Moon has made it clear he sees the establishment of road and rail links with the North as a potentially lucrative proposal because it would open the way for the cheap and relatively fast transportation of goods and people.

Moon made the case for an “Iron Silk Road” in Central Asia during recent visits to Turkmenistan, Uzbekistan, and Kazakhstan. In an address to the Uzbek legislature, Moon waxed poetic about the proposal: “On my way here, I imagined a day 1,500 years ago. That was the day when envoys from an ancient Korean kingdom arrived in Samarkand.”

“Doesn’t just the thought of it make your heart leap?” he said.

Seoul argues the policy is also smart diplomacy — such links would encourage regional economic integration with China and Russia, giving both a stronger reason to cooperate in efforts to improve the political situation on the peninsula.

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Russia appears to agree, though it is less enthusiastic about making big commitments.

It invested about $340 million to renovate a 54-kilometer (33-mile) stretch of railway that connects the North’s Rajin special trade zone and port with the Russian town of Khasan. The work was completed in 2013 and 40,500 tons of Russian coal were sent via rail to Rajin port for transport on a Chinese-flagged ship to Pohang, in South Korea, in the summer 2014.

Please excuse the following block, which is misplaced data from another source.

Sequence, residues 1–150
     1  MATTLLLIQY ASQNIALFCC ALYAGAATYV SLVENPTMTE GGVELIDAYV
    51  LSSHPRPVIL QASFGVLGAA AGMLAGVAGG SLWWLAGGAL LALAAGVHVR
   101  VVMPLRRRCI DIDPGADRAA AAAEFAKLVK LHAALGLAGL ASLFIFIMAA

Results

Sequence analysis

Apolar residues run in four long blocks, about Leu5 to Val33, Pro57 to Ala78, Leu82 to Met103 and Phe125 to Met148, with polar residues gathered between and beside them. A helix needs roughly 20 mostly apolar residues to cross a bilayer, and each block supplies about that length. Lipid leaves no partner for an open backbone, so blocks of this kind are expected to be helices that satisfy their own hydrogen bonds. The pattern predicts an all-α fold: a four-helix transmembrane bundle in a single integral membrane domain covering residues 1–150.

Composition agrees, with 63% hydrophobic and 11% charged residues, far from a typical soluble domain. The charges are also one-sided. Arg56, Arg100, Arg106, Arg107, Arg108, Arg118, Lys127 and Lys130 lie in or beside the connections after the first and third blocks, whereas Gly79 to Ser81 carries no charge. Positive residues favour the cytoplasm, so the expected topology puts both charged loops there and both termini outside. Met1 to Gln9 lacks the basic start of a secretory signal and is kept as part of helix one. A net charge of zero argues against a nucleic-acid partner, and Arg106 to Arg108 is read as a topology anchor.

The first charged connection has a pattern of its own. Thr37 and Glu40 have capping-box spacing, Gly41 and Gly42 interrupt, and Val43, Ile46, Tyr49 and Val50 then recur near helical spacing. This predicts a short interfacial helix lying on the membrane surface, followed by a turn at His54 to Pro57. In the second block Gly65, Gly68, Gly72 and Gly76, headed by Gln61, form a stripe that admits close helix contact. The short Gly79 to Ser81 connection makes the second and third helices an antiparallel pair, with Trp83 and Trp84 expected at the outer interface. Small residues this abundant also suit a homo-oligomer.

Moscow announced a $25 billion plan to modernize 3,500 kilometers (2,200 miles) of railways in the North, or half its total, that same year. Experts point out the plan was more of an estimate of likely needs than a commitment to actually cover that cost.

Along with the costs of revamping the North’s dilapidated rail system, however, the political climate in Washington remains a big hurdle.

The Trump administration maintains that sanctions must stay in place until Kim commits to denuclearize his country.

During a period of greater detente, the Koreas started freight services between the South’s Munsan Station and the North’s Panmun Station in 2007. The South used the trains to move construction materials north, while clothing and shoes made at the factory park were sent south.

But the line was cut in November 2008 due to political tensions over North Korea’s nuclear program.

For the first time since then, a South Korean train rolled into North Korea last November to begin a weeklong rail survey. South Korean officials traveled to North Korea by train the next month to attend a groundbreaking ceremony for a joint project to modernize the North’s railways and roads and connect them with the South.

Beyond on-site reviews and ceremonies, however, the U.S.-led sanctions make it virtually impossible for the ambitious project to begin in earnest.

Merely traveling to the groundbreaking ceremony required a special exemption from the UN Security Council because it involved South Korean transport vehicles and goods.

By Eric Talmadge, the Associated Press’ Pyongyang bureau chief, with additional reporting by The Diplomat.